Can AR outgrow its gimmicky image?

Long touted as the next big thing and a major opportunity for print to boot, augmented reality (AR) has hit the headlines again in recent weeks.

In November, Konica Minolta unveiled its new AR app genARate, a flexible cloud-based tool that it says enables users to overlay digital content such as video, animations or 3D models onto printed materials.

The app has already been used by The Big Issue, which earlier this month launched a special edition of the publication that was enhanced with a range of exclusive content only accessible via the app.

Macfarlane Packaging, meanwhile, launched its own AR service in November, which it says businesses can use to “entice their customers with exclusive content or promotions; overlay product information such as instruction manuals and tutorials; and undertake exciting social media campaigns”.

Using AR to bring print to life using a smartphone or tablet is not new, however. Glossop Cartons started up an AR service for its packaging customers back in 2014.

While the firm still offers the service, sales director Jacky Sidebottom-Every admits she rarely finds anybody on the uptake and suggests the technology is “a bit before its time”.

“I personally think that people look at it, think it’s brilliant but have no idea how to adopt it into their sales or their packaging, which is a shame. I think it’s down to people’s lack of foresight and vision.”

Grafenia, meanwhile, has been using AR in a slightly different fashion since 2017. The company’s BeholdAR app enables its clients to visualise their designs on various fabric exhibition displays in situ.

Chief executive Peter Gunning explains: “To start with you do a sweep of your room, so you can see whatever room you are in in the display, and then you choose a product, place it where you want it to go, and then you can walk round it, move it around or stand back, or zoom in.”

While AR looks to be on the up, then, one of its pioneers, Blippar, whose technology had been used in a number of high-profile cross-media campaigns, fell into administration last month following a dispute over additional funding.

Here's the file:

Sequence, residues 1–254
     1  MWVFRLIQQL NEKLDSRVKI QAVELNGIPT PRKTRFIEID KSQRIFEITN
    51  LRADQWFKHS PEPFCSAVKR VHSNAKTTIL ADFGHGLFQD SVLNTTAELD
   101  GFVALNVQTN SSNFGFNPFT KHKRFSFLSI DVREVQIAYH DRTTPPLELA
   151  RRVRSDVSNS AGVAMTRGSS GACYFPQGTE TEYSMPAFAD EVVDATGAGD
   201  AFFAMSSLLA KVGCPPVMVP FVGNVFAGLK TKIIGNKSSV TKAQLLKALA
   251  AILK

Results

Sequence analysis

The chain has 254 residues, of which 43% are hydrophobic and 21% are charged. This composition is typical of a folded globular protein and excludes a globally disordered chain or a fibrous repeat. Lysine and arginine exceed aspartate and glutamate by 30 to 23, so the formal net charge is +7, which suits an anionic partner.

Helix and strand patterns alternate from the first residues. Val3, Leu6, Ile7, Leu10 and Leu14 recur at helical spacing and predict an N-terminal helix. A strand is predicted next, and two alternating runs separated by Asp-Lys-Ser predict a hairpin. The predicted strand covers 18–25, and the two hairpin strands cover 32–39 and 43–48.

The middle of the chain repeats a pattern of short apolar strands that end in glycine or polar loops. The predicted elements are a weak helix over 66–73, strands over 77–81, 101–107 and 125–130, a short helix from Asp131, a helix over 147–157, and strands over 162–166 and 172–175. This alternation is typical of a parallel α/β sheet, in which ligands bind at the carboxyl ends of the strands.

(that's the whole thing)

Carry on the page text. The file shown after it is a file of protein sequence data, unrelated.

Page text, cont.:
The company’s most recent accounts, for the year ended 31 March 2017, revealed that it made an eye-watering pre-tax loss of £34.5m on sales of just £5.7m.

Keypoint Intelligence: InfoTrends research analyst Colin McMahon calls Blippar “a cautionary tale, but nothing unique”.

“The AR solution marketplace is young, and these arenas are full of many companies that ultimately do not make it. I would say that the only real takeaway from Blippar’s collapse is the importance of innovation.

“Blippar touted itself as one of the first solutions on the market – which was true – but it was quickly joined by dozens of others, some with products that were more versatile and technologically impressive.”

While its struggles may not be indicative of the health of the wider market, like any saturated sector businesses using AR will need to offer something beyond that of their competitors to stand out.

Konica Minolta Business Solutions Europe partnership founder and international business development manager Ashley McConnell notes that while AR still possesses an initial wow factor, in many cases that subsides by the second use, at which point only a richer experience will keep users coming back.

“With The Big Issue, we added value with AR so that it’s not just a gimmick, and each piece of content adds value to the story,” he says.

“There are a lot of use cases around 3D models and other gimmicky stuff, and that’s what we’re trying to move away from.

“With that will come adoption and repeat usage, and hopefully in the future people will start to expect it with every publication.”

Factors that are perhaps still holding AR back from reaching its full commercial potential include its interface limitation of still being largely confined to mobile devices, and the fact that the technology needs to be tied to an app to work on these devices, though this is likely to be rectified in the near future.

“Having to download an app and inform people that this content is augmentable is definitely the biggest friction point we have at the minute. The only people that are really going to change that are the likes of Apple and Google,” says McConnell.

While obstacles still exist, 2019 could nevertheless yet turn out to be a banner year for AR technology, and print stands in good stead to benefit.

“I think one of the best advantages AR brings to print is its ‘newness’. Right now, print is looked at by many as an old technology. They think they’ve seen all print has to offer – namely static words and images on a page,” says McMahon.

“AR changes this. It’s not static. It’s alive – it can move. It can even play a host of different programs off the same image, if programmed properly.” 


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